 No serious research has gone into understanding this dynamics
III. Research concerns
 Trade reforms has resulted in significant restructuring of the
domestic markets through which the various players try to
bargain their stakes and keep it intact, adversely affecting
the farm level prices
 Imperfections in the output market have detrimental impacts
on the efficient performance of the trading systems
 The existing marketing interventions have become
ineffective and less transparent in ensuring higher returns to
the farmers and thereby not compensating for the high risks
involved in the Bt cotton
 India is an exception in the global cotton scenario as cotton production
in rest of the dominant producing countries has been highly supported
through direct and indirect subsidies, like income payments, input
subsidies and export subsidies
 This creates distortions in global trade in cotton and countries like India
would be the worst affected in the long term
 Imports under the OGL scheme has been on the increase in recent times
 Input-output markets are interlinked and the farmers are indebted to
intermediaries and money lender-cum traders who eats away much of
the farmer incomes
 Nexus between the co-operative marketing institutions and the private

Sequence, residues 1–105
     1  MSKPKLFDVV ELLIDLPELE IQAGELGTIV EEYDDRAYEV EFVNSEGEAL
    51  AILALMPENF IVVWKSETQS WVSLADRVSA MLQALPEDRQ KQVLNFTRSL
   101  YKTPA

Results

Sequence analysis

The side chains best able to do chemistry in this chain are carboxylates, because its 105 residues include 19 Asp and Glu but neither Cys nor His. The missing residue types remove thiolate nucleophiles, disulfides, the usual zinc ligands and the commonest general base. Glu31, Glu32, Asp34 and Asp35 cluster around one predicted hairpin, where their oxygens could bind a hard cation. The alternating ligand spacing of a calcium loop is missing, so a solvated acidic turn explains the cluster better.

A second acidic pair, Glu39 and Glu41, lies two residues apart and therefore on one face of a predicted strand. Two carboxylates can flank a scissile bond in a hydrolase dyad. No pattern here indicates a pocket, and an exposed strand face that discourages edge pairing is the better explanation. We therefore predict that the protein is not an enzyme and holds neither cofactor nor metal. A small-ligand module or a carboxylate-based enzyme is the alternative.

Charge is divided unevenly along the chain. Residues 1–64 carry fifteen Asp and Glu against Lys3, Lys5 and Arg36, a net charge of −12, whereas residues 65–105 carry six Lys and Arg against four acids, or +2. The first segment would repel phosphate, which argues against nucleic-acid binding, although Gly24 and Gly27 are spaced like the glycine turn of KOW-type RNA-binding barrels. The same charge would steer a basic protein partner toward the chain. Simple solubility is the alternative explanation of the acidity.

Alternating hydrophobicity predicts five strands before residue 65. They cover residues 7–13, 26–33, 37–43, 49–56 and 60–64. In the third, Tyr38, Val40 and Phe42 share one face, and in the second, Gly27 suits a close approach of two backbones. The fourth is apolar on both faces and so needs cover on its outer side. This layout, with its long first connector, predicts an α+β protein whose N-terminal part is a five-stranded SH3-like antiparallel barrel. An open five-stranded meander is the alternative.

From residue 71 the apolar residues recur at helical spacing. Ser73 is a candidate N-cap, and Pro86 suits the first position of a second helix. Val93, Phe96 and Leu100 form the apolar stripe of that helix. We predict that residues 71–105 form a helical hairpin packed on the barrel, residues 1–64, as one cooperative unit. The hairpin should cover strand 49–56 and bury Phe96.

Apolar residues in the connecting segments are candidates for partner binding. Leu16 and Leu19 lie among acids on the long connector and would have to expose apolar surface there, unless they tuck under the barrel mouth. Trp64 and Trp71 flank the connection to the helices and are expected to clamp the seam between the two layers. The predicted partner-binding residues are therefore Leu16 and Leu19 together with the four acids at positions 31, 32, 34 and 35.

traders are strong enough to depress prices augmenting the farm crisis
IV. Objectives

Dynamics of the primary, secondary and the terminal cotton
market and their linkages in the context of trade reforms

Role of the government support prices, domestic trade prices as
well as the influence of the international cotton prices on the
domestic market and prices

Trends in the spot and future prices of cotton in the past and
their influence on production and domestic market operations

The various reform measures introduced by the government to
organize cotton trading in terms of the institutional mechanisms
and their performance

Diffusion of knowledge and training to the farmers to improve the
quality of their product to get remunerative prices and the
functioning and role of the markets
V. Approach
 Study will be undertaken in five districts each of Gujarat and
Maharashtra covering 200 farmers each
 To reflect upon the marketing decisions of the cotton growers and
their perceptions as regards functioning of cotton markets and the
overall impacts of Bt technology on yield, prices, net returns and
socio-economic, environmental and health aspects
 Analysis of the trends in spot and futures prices of cotton in
historic perspective in India vs its counterparts
 Driving to policies for efficient and sustainable cotton production
systems in India in the new era